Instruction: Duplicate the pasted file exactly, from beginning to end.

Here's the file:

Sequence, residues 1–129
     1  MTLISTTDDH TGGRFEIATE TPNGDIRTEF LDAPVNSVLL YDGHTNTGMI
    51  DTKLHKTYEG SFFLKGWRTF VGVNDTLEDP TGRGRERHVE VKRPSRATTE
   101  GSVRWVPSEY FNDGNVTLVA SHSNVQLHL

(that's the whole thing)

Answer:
Sequence, residues 1–129
     1  MTLISTTDDH TGGRFEIATE TPNGDIRTEF LDAPVNSVLL YDGHTNTGMI
    51  DTKLHKTYEG SFFLKGWRTF VGVNDTLEDP TGRGRERHVE VKRPSRATTE
   101  GSVRWVPSEY FNDGNVTLVA SHSNVQLHL